Skip to Main Content

Capitals' rampaging offense has been unstoppable

by Dan Rosen
Washington Capitals coach Bruce Boudreau has to feel like he's driving a tank these days with the amount of firepower he has right under his nose every time he stands behind the bench.

"It's nice from my standpoint when you have those kinds of weapons at your disposal," Boudreau said after the Capitals' latest surge, a 5-1 win over Anaheim on Wednesday night.

The Capitals' offense has gone from strong to scary to ridiculous this season.

They have 62 goals in 13 games this month, an average of 4.8 per game. They have 40 goals in their current eight game winning streak. They have 22 goals in the last four games. They have at least one power-play goal in seven-straight games.

Washington is the only team in the League that has scored more than 200 goals this season. Nobody else has 180.

No team has scored at this pace (3.83 goals per game) since 1995-96.

It's insane.

"I'm touching wood all the time, hoping we can continue it," Boudreau said. "Things are going well right now. Four lines are rolling and it's hard to take guys out of the lineup."

"I'm touching wood all the time, hoping we can continue it. Things are going well right now. Four lines are rolling and it's hard to take guys out of the lineup."
-- Bruce Boudreau

Boudreau hit it right when he mentioned the four lines. Normally he's one that likes to break up the monotony of his forward lines by changing them on a regular basis, but the Capitals have played with the exact same combinations for the last 11 games.

They are 10-1 with 57 goals.

Alex Ovechkin is with Nicklas Backstrom and Mike Knuble on the top line. Tomas Fleischmann moved from left wing to play center on the second line with Brooks Laich and the streaking Alexander Semin.

Brendan Morrison is between Eric Fehr and Jason Chimera on the third line and David Steckel, Matt Bradley and Boyd Gordon makeup the fourth line, or what has truly become the Capitals' energy line.

Every forward has scored at least one goal since Boudreau created these lines.

"I don't know if we're going to say we're pretty sure we're going to win (before every game), but we're feeling confident and we know right now we have a lot of guys that can put the puck in the net," Fehr said. "We have different lines coming in waves and it's important for us right now to try to keep that going."

Look no further than their last two games to figure out why this offense is so dangerous.

Washington scored 7 goals and combined for 8 assists in a 7-2 win over the New York Islanders Tuesday, but Ovechkin and Mike Green were each held without a point.

Could you have ever imagined Ovechkin or Green being held pointless in a game like that in years past, or even earlier this season?

No way.

"It's what we need right now," Ovechkin said. "If one guy doesn't play well, a different line steps up and plays good."

Just 24 hours after thrashing the Islanders, the Capitals were back in Washington to play Anaheim. They struck early with an Ovechkin power-play goal just 36 seconds into the game, but they found themselves tied 1-1 after two periods.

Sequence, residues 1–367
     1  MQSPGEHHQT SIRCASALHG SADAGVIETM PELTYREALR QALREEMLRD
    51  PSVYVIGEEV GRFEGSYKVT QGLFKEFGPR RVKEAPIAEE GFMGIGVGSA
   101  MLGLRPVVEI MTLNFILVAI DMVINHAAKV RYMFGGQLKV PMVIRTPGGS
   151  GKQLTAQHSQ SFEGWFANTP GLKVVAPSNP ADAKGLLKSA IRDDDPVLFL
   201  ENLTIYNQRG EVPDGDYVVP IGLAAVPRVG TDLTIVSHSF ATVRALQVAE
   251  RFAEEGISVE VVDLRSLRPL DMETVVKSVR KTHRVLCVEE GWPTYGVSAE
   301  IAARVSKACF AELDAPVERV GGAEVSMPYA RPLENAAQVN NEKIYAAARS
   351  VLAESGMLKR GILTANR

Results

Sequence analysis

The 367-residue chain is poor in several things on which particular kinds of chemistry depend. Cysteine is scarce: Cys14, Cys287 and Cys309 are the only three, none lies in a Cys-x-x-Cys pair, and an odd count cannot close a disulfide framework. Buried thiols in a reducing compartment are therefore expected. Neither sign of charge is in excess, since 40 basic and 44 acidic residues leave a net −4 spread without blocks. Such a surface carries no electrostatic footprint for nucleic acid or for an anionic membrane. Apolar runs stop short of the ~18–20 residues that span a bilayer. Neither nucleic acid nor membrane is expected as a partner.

Before five minutes had expired in the third, it was 4-1 Washington. Shaone Morrisonn scored his first of the season and Knuble and Semin followed.

Game over.

"We talked about it in the dressing room in between periods, about going after them," Boudreau said. "We said, 'You have a good thing going so let's just take it right to them and see where it leads.' We scored early and I think that was a big relief for the guys on the bench. We knew we hadn't played a lot of real close games lately and this game was like a playoff game for us. Can we play in a close game? Can we get the lead? Can we hold on to the lead? Can we do those things? I thought we did a good job."

Ovechkin has held his own during the Caps' torrid streak, but Semin is the guy everyone is talking about in the District.

He has scored 2 goals in each of the last two games and has 6 goals and 8 assists for 14 points over the last seven games. Semin scored a goal on Long Island the other night that probably only a handful of players in the world could score.

He got the puck at the red line and knifed through a pair of Islanders before kicking the puck back to himself with his left skate. He tried to make a centering pass to Brooks Laich, but the puck ricocheted off Bruno Gervais, came right back to him and then he used his backhand to put the puck past Dwayne Roloson from a wicked angle.

"It was pretty dynamic," Boudreau said. "There's not too many people who can do that. He's got so much skill. I don't know what else to say."

Semin can be flighty, but Boudreau hasn't seen that recently.

"He sure is playing hard," the coach said. "There is not a lot of negative things about Alex Semin that you can say right now. He's on a role like only Ovi has seen since I have been in these parts."

Boudreau can say the same thing about his team.

They are two wins shy of the club record for consecutive victories and they are lapping the field when it comes to scoring goals.

Yeah, we know, it's January and being the best team in the Eastern Conference with 29 games still left to play gets you a whole lot of nothing. But just imagine if the Capitals can keep this up through the spring.


Contact Dan Rosen at
View More

The NHL has updated its Privacy Policy effective January 16, 2020. We encourage you to review it carefully.

The NHL uses cookies, web beacons, and other similar technologies. By using NHL websites or other online services, you consent to the practices described in our Privacy Policy and Terms of Service, including our Cookie Policy.